The Quest of the Ambitious New Generation of Family-Run Boehringer Ingelheim

Published: Jul 18, 2017

The Quest of the Ambitious New Generation of Family-Run Boehringer Ingelheim July 17, 2017
By Alex Keown, Breaking News Staff

INGELHEIM, Germany – The younger generation Boehringer family wants to make bold and aggressive choices when it comes to driving the future of the 132-year-old drugmaker that bears its name.

The family members now in charge of Boehringer Ingelheim have set an ambitious goal of boosting revenue by 60 percent over the next eight years. That objective would give the company about $28.5 billion in annual revenue and put it among the top 10 pharma companies in the world. But, a recent exposé in Bloomberg pointed to a company that has resisted taking those bold steps and also veils itself in a shroud of familial secrecy. Even the goal of increasing revenue by 60 percent was presented internally, Bloomberg said.

While Boehringer has growth plans, the family-controlled company has not opened itself to outside investors, which has hindered some of that potential and aggressive growth capabilities the younger Boehringers are seeking. Even as it seeks to compete with the largest pharma companies, such as Pfizer and Bristol-Myers Squibb , Boehringer has “repeatedly ruled out selling shares in an initial public offering, closing off one avenue that would allow it to make bigger bets,” Bloomberg said.

In the Bloomberg article, Boehringer’s Chief Financial Officer Simone Menne said the company prefers to operate with the “freedom” that comes from not being answerable to outside financiers. Additionally, Menne told Bloomberg that Boehringer can achieve its financial goals if it maintains the annual growth rate it has had since 2005. If it does so, that revenue stream could be met even without large acquisitions, Menne said.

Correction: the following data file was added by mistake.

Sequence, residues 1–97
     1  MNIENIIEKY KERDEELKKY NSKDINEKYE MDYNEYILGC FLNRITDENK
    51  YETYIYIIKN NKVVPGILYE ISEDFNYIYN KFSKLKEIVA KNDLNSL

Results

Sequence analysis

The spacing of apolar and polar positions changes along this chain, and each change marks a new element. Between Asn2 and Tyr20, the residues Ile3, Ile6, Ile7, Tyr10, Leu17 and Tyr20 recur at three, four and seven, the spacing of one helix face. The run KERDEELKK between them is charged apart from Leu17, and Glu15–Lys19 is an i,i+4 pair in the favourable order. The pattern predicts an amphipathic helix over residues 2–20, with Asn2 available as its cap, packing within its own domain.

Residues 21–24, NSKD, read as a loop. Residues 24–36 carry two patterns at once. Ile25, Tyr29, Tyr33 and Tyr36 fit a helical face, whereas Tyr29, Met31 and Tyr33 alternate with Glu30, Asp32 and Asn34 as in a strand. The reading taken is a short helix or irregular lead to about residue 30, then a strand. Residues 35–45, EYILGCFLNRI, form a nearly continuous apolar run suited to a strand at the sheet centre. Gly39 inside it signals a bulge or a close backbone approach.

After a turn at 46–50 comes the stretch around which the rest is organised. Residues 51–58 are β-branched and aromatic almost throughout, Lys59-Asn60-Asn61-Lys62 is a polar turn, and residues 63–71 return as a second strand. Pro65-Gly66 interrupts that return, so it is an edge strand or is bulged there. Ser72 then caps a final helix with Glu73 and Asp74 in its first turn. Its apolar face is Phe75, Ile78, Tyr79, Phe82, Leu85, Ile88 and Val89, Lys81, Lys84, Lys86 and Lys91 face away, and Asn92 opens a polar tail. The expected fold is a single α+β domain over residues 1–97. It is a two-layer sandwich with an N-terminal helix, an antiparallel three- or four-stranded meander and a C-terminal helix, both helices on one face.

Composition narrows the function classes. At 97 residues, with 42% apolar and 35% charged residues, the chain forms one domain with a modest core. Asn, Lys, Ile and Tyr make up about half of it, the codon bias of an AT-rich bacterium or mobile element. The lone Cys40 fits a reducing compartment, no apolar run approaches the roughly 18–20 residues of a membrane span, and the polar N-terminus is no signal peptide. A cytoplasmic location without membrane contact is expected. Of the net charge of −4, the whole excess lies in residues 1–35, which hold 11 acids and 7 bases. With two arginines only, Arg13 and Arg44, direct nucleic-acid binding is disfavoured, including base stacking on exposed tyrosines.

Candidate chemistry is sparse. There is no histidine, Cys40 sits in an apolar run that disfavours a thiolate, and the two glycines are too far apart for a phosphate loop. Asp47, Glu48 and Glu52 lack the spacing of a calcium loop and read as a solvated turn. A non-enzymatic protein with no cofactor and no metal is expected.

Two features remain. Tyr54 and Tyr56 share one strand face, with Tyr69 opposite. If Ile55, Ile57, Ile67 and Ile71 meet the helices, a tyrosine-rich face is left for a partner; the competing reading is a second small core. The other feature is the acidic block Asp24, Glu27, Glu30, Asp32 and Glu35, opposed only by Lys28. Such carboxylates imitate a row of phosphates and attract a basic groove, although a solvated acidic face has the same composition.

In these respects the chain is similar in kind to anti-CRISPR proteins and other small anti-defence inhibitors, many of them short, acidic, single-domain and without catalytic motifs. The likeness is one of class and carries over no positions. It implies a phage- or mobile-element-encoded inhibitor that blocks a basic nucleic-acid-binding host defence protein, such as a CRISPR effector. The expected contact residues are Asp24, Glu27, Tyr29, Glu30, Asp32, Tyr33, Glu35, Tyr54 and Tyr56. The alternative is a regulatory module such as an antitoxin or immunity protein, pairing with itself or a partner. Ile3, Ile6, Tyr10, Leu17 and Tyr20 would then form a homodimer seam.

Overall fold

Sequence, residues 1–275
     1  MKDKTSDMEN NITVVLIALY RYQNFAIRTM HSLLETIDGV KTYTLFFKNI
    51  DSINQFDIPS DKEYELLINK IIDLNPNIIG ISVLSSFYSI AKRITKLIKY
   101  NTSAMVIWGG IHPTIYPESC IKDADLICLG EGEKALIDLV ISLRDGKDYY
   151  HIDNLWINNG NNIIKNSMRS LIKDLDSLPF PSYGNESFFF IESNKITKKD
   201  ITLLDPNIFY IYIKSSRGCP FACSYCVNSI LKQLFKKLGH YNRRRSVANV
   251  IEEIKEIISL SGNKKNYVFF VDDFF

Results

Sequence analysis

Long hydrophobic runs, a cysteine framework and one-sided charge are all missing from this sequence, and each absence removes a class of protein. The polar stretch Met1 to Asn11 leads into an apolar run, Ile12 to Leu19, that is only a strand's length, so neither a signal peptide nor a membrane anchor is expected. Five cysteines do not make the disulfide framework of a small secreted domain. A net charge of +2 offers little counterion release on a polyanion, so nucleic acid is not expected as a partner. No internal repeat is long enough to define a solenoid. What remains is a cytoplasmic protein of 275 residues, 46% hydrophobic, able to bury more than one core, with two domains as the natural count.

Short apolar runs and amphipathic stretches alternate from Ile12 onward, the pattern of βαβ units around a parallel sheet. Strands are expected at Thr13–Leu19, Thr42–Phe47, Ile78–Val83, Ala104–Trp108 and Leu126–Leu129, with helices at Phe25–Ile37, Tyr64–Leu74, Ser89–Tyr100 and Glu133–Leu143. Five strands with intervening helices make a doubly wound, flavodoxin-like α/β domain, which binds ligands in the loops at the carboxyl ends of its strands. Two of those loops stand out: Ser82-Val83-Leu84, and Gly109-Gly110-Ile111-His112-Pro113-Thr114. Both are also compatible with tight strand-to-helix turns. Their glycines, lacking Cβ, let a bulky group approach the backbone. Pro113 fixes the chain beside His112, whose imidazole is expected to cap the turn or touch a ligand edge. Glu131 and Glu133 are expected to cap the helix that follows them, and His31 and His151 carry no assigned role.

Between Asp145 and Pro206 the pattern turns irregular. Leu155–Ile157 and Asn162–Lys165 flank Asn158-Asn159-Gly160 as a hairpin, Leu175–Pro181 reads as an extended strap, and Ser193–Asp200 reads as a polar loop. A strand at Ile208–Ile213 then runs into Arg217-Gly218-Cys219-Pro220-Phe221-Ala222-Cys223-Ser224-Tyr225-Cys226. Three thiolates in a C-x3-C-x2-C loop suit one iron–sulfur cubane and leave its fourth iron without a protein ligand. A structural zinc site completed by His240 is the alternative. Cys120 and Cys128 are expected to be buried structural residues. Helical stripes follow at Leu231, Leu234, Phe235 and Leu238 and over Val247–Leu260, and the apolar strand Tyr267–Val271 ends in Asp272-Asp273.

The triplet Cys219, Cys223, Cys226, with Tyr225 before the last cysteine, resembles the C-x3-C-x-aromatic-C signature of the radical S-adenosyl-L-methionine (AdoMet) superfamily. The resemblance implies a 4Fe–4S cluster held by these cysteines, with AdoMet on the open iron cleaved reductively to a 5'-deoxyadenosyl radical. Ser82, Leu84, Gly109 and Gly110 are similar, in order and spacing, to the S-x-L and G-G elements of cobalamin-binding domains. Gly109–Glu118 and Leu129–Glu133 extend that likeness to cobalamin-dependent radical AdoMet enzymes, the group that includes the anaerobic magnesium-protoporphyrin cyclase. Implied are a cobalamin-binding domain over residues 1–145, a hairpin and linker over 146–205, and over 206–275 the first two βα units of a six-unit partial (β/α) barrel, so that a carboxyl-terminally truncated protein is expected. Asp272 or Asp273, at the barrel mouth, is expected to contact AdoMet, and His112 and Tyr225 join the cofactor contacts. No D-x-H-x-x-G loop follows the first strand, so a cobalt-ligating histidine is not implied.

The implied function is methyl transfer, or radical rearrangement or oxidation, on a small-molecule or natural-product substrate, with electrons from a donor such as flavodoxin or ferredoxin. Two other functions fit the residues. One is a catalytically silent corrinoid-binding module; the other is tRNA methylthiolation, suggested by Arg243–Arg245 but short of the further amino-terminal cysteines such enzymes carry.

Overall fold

The company has largely been content to develop its own drugs, but has not totally closed itself off to dealmaking.

According to Menne, the Boehringer family does not measure growth by quarterly reports. Instead, Menne said the shareholder committee measures the company according to whether its profitability and pipeline of new medicines are competitive with the market average, looking three to five years into the future.”

Some of that growth could come from its drug Praxbind, which recently demonstrated a reversal of the anticoagulant effect of the company’s blood thinner medication Pradaxa. In June, the company said its Phase III biosimilar candidate BI 695501 demonstrated clinical equivalence of AbbVie’s leading rheumatoid arthritis drug Humira.

The company has also taken steps to become a leader in animal health. That area was opened up after the German company acquired Merial in a strategic deal with Sanofi. In December 2015, Sanofi and Boehringer Ingelheim agreed to an asset swap, trading Merial for BI’s consumer healthcare unit.

Last year, Eli Lilly &Company ’s animal health unit Elanco U.S. struck an $885 million deal with Boehringer Ingelheim Vetmedica to acquire a portfolio of canine, feline and rabies vaccines, as well as a fully-integrated research and development site.

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